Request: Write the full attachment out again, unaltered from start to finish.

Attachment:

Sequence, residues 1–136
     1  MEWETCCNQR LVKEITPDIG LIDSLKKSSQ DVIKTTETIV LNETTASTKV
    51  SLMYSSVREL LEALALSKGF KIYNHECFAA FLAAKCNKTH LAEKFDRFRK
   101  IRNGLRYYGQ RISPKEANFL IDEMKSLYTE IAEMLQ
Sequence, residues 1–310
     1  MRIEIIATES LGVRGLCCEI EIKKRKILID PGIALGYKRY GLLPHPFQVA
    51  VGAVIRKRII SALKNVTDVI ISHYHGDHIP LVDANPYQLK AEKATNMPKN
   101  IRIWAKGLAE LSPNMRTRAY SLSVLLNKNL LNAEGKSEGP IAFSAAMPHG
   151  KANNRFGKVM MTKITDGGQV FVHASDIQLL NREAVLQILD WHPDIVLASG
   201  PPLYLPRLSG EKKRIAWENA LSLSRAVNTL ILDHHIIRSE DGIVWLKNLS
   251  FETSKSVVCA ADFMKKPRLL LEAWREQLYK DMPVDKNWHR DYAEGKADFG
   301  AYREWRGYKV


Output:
Sequence, residues 1–136
     1  MEWETCCNQR LVKEITPDIG LIDSLKKSSQ DVIKTTETIV LNETTASTKV
    51  SLMYSSVREL LEALALSKGF KIYNHECFAA FLAAKCNKTH LAEKFDRFRK
   101  IRNGLRYYGQ RISPKEANFL IDEMKSLYTE IAEMLQ
Sequence, residues 1–310
     1  MRIEIIATES LGVRGLCCEI EIKKRKILID PGIALGYKRY GLLPHPFQVA
    51  VGAVIRKRII SALKNVTDVI ISHYHGDHIP LVDANPYQLK AEKATNMPKN
   101  IRIWAKGLAE LSPNMRTRAY SLSVLLNKNL LNAEGKSEGP IAFSAAMPHG
   151  KANNRFGKVM MTKITDGGQV FVHASDIQLL NREAVLQILD WHPDIVLASG
   201  PPLYLPRLSG EKKRIAWENA LSLSRAVNTL ILDHHIIRSE DGIVWLKNLS
   251  FETSKSVVCA ADFMKKPRLL LEAWREQLYK DMPVDKNWHR DYAEGKADFG
   301  AYREWRGYKV